Written by Susan W. Smith
posted on January 14, 2009 17:04
Each month I seek links to the Islands which highlight the area's history and activities, to emphasize why the Islands should be known for much "more than a salad dressing1”! This month’s link relates to Ardele’s Golden Apple Restaurant, in Gananoque, which was damaged by fire in the early hours of Christmas Day - see link under “References”.
Fire in a well known and popular public building is always a devastating event, but for Gananoque it is particularly sad. The Golden Apple evokes many fond memories for tourists and locals alike. For me it a reminder of my daughter Janet’s youth. She, along with dozens of “Gan girls”, spent summers working as the “Coffee Girls” - serving coffee and the famous “sticky buns”.
The Golden Apple building dates to 1830. Joel D. Parmenter came to Gananoque in 1824 from Vermont and bought Brownson’s Hotel, later known as the International Hotel. He built a stone house for his family next to the hotel, on King Street.
Katherine Runyon, from New Jersey, had summered for many years on Carleton Island in the late 1800s. She returned in the early 1900s as the wife of Wall Street financier, Ira A. Kip. The Kips bought Thwartway Island (also known as Leek Island) in 1904. In 1917, during World War I, their Thwartway property was used by the Canadian government as a convalescent hospital for Canadian soldiers. Dr. Medford Runyon was hired as Chief of the medical staff. [interesting fact about Thwartway2]
The marriage between the Kips ended in divorce in 1919 and Katherine married Dr. Runyon. She continued to summer at Thwartway with her four children, but was anxious to start her own business. In 1928, Katherine purchased the Parmenter house for use as an antique shop. Her daughter often related that when her mother went into the back country to purchase antiques from local farmers, she felt great empathy for them by always paying “too much” for her purchases! Katherine expanded her business to include a tea room which she conveniently staffed with her household servants and cook, from Thwartway Island. As word spread, much to the delight of Mrs. Runyon, The Golden Apple Tea Room became a well-known destination.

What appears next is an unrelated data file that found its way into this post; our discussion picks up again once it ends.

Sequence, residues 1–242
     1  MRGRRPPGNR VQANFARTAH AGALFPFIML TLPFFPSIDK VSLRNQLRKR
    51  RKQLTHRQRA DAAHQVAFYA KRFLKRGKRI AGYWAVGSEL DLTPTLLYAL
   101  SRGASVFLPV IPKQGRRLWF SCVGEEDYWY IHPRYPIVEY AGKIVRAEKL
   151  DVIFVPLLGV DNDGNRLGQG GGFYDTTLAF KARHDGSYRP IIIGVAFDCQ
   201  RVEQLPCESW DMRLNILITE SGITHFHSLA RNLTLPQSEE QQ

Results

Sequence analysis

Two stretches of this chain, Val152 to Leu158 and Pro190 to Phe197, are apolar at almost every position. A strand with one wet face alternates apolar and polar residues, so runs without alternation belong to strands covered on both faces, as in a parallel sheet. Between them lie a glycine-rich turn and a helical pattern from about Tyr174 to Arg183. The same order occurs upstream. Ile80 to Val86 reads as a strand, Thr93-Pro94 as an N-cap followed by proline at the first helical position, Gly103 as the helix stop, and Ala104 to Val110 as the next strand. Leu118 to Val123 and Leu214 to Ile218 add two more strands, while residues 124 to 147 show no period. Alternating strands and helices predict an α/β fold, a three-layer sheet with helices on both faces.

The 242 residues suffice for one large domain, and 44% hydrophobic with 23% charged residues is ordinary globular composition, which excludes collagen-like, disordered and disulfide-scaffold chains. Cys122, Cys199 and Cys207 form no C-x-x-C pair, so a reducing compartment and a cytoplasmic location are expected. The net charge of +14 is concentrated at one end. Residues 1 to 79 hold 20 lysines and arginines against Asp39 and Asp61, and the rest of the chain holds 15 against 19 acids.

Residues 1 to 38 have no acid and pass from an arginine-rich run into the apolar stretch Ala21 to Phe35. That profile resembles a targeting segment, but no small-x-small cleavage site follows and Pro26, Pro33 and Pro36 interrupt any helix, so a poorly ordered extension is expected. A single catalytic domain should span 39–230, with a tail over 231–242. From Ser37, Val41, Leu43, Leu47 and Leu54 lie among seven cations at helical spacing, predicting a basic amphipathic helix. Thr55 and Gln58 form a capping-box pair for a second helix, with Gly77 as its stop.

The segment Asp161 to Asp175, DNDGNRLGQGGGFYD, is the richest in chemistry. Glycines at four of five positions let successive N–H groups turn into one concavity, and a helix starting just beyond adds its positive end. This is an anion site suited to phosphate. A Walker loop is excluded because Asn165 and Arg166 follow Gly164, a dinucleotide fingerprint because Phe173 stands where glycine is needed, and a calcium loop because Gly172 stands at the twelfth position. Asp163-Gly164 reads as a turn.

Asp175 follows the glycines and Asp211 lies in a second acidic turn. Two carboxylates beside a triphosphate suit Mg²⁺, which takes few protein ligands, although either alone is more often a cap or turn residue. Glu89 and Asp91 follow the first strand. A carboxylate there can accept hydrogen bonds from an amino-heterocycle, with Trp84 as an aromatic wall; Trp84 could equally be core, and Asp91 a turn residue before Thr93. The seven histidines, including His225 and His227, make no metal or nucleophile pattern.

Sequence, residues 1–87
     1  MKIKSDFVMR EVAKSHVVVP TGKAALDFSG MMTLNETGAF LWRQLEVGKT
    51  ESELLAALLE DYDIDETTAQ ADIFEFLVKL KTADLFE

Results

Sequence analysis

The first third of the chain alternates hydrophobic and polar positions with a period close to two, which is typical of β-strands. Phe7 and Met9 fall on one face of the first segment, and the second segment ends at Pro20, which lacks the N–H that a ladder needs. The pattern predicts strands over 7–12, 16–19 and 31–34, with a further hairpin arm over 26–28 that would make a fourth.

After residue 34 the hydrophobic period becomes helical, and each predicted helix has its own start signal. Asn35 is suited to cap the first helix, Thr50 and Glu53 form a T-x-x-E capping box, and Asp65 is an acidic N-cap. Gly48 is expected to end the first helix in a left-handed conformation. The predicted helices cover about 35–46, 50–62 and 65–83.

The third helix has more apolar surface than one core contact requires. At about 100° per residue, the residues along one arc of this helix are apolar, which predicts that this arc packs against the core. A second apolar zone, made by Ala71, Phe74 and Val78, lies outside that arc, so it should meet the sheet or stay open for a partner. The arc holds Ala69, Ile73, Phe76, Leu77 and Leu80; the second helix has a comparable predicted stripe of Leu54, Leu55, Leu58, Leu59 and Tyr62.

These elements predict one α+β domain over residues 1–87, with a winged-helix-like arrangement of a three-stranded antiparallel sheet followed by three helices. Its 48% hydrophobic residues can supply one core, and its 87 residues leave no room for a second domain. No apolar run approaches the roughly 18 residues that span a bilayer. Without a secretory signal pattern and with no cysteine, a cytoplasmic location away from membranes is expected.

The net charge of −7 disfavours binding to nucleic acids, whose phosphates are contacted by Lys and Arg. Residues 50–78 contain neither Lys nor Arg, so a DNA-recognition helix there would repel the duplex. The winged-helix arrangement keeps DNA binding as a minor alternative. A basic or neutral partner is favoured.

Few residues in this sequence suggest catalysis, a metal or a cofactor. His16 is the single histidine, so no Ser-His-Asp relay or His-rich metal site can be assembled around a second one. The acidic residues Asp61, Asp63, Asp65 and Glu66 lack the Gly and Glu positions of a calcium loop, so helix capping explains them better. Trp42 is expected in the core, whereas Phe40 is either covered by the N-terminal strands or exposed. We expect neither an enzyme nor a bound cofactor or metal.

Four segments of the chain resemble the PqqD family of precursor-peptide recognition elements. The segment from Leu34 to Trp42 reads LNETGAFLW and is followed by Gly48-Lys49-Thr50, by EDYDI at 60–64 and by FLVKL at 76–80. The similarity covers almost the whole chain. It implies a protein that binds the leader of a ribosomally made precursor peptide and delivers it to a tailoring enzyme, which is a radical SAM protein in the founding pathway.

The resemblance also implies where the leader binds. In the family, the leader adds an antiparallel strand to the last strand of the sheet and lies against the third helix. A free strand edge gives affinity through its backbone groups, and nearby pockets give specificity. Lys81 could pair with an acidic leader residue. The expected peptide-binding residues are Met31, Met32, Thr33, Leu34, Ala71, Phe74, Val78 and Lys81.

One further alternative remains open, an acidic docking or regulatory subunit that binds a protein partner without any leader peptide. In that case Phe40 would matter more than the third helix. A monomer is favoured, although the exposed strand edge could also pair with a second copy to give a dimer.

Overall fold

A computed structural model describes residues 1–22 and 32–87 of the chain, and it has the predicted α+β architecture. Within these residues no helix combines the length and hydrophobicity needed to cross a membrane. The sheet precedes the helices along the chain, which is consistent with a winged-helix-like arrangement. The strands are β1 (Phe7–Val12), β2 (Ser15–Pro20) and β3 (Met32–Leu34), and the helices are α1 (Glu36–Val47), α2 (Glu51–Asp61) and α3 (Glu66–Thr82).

In the 1950s, the business, which now included The Apple Tree Guest House, was sold to her daughter and son-in-law, Kathleen and David E. Brenneman. Located midway on the major highway between Montreal and Toronto, the Golden Apple was well known in both cities. The restaurant’s excellent reputation continued not only for its lunches and dinners but also for its afternoon tea which now included tea-leaf readings by a fortune teller. In 1966, the Brennemans sold the business to Davalex Inns Ltd., which continued operations for several years.
Unfortunately, I have not kept up with the recent history of the restaurant. However, I can only hope that this wonderful property may continue to provide both comfort and hospitality for many years.
Susan W. Smith, email@example.com
Gananoque Reporter : Ardele's Golden Apple ravaged by fire Christmas day, Posted By LJ Matheson
Historic Gananoque by H.W. Hawke, Mika Publishing, Belleville, Ontario, 1974
Tim Compeau, a PhD candidate at the University of Western Ontario and Consulting Curator for the Arthur Child Heritage Museum and Gananoque Museum Collections has an excellent web blog with the additional Thwartway-hospital story. Friday, March 16, 2007, "From Your Soldier Patients..."
Interview with Mrs. Kay Brenneman, 5, July, 1982.
Food and Folklore of the 1,000 Islands by P. & M. Sykes, Dove Cottage Press, 1995
David Ray assisted in editing this article.
More than a Salad Dressing… Years ago, I met a young medical student and I was telling her about my favorite vacation region. I got carried away, and soon I was relating facts about the War of 1812, the ships that plied the St. Lawrence River, the battles… “Gee,” she exclaimed, The Thousand Islands is more than a Salad Dressing”. Since that time I have found many links to people, places and events that prove that links to the Thousand Islands are like six degrees of separation, and our region is almost the center of the world!
In the 1960, the Canadian government expropriated Thwartway (Leek) Island from the Kip/Brenneman families to expand the St. Lawrence Islands National Park. The family was compensated with an estimated $100,000, which in those days was considered a fair settlement. However, the family were adamant in their wish to retain ownership, considering it ironic that the same Government who thanked the family for their generosity in 1919, used expropriation forty years later.